Sales of newly-built single-family homes rose 9.6 percent from June to July, but were down 13.4 percent decline from a year ago, the Census Bureau reports.

At the regional level, sales picked up 32.4 percent from June to July in the Northeast, 16.2 percent in the South, and 1 percent in the West. New home sales were down 7.6 percent from June in the Midwest.

The sales rate of newly built single-family homes rose 9.6 percent from June to July but fell 13.4 percent from a year ago, the U.S. Census Bureau reports.

At the regional level, sales picked up an estimated 32.4 percent from June to July in the Northeast, 16.2 percent in the South, and 1 percent in the West. New-home sales dropped 7.6 percent from June in the Midwest.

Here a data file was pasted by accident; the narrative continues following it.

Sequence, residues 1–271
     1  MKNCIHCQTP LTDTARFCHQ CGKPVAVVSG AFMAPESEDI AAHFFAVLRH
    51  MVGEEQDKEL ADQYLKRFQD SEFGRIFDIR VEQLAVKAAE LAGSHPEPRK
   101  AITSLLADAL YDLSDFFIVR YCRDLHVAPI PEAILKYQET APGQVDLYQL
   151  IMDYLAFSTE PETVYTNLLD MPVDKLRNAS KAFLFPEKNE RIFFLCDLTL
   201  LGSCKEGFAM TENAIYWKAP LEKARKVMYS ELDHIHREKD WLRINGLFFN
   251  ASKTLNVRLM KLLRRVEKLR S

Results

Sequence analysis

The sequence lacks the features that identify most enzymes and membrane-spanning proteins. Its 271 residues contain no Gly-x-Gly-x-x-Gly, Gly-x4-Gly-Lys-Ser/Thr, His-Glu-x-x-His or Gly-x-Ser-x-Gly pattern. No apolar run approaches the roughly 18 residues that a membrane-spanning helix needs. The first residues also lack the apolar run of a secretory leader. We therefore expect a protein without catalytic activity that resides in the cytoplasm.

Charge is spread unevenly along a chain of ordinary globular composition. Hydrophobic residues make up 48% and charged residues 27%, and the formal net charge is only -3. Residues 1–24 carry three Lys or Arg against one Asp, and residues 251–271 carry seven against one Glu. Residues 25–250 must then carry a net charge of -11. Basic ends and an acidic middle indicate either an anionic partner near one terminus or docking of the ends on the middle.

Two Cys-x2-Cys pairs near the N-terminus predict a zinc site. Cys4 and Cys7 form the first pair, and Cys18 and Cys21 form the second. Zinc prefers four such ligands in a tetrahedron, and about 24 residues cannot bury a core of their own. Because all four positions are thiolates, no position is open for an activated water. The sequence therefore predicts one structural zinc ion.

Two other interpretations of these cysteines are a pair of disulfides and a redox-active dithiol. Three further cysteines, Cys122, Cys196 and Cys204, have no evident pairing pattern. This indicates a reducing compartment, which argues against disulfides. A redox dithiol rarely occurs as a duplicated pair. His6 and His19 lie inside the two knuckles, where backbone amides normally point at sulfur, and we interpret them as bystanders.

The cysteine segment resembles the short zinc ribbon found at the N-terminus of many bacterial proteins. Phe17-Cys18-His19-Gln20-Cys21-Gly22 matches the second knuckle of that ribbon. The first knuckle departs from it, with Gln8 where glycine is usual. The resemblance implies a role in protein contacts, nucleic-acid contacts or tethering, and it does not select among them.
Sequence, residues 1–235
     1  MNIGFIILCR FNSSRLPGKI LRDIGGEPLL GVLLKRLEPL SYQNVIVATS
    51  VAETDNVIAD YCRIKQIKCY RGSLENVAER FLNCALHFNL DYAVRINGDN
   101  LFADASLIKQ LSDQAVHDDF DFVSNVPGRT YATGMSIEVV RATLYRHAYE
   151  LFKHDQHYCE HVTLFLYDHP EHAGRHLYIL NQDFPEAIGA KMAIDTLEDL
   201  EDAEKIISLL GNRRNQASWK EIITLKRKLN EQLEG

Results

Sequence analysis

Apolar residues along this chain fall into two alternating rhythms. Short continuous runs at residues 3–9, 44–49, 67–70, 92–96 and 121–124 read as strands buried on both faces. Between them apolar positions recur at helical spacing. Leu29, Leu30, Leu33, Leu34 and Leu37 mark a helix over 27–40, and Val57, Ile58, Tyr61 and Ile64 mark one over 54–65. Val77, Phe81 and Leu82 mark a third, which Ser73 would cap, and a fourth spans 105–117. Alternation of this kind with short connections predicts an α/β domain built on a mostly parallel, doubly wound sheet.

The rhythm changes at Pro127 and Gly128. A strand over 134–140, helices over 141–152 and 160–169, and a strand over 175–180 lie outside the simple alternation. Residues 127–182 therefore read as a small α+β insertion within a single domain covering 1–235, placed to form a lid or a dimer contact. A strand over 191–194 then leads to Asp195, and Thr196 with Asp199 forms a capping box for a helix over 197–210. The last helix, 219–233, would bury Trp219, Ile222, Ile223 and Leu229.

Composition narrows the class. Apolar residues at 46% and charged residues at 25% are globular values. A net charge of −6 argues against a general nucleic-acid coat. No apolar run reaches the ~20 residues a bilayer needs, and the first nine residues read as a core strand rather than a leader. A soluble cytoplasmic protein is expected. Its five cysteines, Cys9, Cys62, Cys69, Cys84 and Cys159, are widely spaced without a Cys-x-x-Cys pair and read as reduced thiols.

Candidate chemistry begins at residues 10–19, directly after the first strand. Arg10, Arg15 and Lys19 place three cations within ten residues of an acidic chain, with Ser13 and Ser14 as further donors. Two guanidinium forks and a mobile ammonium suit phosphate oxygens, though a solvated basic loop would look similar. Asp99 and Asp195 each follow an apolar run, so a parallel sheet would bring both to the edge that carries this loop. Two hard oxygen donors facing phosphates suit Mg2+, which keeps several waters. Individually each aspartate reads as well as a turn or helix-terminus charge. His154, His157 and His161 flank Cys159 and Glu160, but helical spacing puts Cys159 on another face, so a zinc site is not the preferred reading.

The 433,000 new homes sold represented the third-lowest sales figure for July in records dating to 1963, according to the blog Calculated Risk.

Nevertheless, the slow pace of new-home construction means that the inventory of new homes continues to shrink.

At the pace of sales in July, the estimated 271,000 new homes on the market represented 7.5 months of supply, down from 8.5 months in June and 12.4 months in January, the Census Bureau said. A six-month supply of homes is generally considered to represent an even balance between supply and demand.

The median sales price of a new home in July was $210,100, down 11 percent from a year ago.

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